A classic film featuring a boy who is able to hear what the racehorses at the track are thinking. Using his knowledge of their moods, he figures out how well they will run, and tells his ... See full summary »
Jackie 'Butch' Jenkins,
In 1936, seven prisoners escape from a concentration camp. Nazis put up seven crosses for demonstrative executions. The story focuses on one of the fugitives, who relies on own courage and compassion of people to avoid the seventh cross.
At the beginning of the film, Big Jim calls over a First Sergeant. His stripes are incorrect for that rank as he is missing the third "down" stripe. The diamond in the center is correct, however. See more »
More about cultural differences than its overt message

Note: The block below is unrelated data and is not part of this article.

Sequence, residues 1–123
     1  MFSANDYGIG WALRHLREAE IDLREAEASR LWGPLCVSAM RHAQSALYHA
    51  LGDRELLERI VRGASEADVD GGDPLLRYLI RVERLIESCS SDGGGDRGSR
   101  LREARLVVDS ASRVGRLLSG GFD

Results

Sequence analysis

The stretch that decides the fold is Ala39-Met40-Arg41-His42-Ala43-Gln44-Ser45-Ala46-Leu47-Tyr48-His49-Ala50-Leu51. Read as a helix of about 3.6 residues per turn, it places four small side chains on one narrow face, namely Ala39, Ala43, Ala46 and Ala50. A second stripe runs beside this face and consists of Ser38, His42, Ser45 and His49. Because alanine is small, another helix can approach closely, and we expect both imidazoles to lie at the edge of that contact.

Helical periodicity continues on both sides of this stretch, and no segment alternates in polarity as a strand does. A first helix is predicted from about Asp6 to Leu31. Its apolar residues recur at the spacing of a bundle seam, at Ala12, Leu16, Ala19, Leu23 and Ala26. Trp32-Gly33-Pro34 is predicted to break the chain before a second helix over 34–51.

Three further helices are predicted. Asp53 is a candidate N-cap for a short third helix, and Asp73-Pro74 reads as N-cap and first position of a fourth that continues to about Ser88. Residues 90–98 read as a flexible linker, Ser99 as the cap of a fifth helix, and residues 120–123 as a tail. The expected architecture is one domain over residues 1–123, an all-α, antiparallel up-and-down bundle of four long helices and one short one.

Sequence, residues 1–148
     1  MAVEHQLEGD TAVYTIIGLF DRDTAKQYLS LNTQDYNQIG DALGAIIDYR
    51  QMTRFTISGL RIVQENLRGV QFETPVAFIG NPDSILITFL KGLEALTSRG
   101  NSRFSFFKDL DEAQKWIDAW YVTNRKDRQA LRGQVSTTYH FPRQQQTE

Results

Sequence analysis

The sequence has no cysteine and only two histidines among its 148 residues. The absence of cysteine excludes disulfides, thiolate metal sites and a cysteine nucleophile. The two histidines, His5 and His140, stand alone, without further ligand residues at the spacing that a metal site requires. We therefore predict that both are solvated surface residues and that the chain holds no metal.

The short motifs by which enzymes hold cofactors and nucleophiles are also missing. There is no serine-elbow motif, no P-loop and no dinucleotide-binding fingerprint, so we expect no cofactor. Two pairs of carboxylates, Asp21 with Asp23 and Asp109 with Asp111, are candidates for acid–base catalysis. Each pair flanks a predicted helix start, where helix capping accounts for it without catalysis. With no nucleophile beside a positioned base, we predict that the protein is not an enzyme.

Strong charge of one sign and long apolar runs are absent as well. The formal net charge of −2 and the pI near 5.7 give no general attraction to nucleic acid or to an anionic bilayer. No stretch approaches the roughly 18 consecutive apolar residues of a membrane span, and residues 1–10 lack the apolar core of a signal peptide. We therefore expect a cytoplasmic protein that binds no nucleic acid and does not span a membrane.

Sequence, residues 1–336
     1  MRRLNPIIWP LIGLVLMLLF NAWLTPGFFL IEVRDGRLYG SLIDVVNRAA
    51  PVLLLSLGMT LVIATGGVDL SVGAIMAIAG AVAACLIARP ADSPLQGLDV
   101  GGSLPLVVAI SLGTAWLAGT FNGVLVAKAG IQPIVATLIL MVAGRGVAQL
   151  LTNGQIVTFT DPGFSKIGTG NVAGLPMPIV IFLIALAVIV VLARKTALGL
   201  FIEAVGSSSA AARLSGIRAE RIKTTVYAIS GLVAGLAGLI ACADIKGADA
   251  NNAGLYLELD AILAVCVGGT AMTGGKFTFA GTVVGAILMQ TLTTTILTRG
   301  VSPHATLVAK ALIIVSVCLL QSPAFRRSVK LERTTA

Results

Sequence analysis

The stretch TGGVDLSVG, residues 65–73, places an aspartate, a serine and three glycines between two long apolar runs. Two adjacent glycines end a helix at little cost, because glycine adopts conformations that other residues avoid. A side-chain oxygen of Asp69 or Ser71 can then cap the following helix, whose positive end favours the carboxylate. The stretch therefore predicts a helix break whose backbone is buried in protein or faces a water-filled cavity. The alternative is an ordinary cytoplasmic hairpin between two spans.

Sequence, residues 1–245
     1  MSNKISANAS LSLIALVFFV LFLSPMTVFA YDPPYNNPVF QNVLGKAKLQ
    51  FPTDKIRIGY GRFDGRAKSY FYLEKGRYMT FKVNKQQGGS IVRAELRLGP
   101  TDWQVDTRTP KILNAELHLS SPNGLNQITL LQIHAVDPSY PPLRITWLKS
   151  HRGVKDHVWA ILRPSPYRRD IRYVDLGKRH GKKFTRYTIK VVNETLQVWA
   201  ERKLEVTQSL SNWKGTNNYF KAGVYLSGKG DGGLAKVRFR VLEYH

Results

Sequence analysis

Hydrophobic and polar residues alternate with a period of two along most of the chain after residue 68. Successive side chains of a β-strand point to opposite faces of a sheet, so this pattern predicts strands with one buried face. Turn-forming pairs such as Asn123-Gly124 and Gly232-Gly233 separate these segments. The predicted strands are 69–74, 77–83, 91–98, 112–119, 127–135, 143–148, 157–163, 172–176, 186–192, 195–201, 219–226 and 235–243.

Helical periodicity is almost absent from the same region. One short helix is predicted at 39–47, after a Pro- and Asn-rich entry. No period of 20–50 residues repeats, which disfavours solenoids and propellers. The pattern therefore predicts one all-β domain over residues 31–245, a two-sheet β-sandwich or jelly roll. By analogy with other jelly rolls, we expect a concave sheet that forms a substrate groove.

Since much of this film is the kind of sentimental tripe offered up by Hollywood in the post-war era, it would not have rated as highly with me if it wasn't for the very strong and clear underlying message about cultural bigotry. The character of the Chinese servant, Sui Jen, has a huge impact on the boy who has lost his mother. When the father ceases to be emotionally available to his son, he steps in to fill the void. He teaches the kid important lessons, and then teaches others to the father. While all the other characters in the film are the same, cardboard cut-out, fifties' types, Sui Jen's is a gentle rebel in his subservient role. For example, when the father is too wrapped up in his own grief, and drink, to buy his son new clothes, Sui Jen gets him Chinese clothes. The point is made. When busy-body neighbor women are aghast that the boy is learning about more than one God, the chaplain investigates and learns that the boy knows The Lord's Prayer in Chinese! And then the kid tells him that 'in heaven, they understand all languages!' Much of what this film portrays is bland, predictable and pedestrian, but it is the references to cultural differences that set it apart from other films of its ilk.
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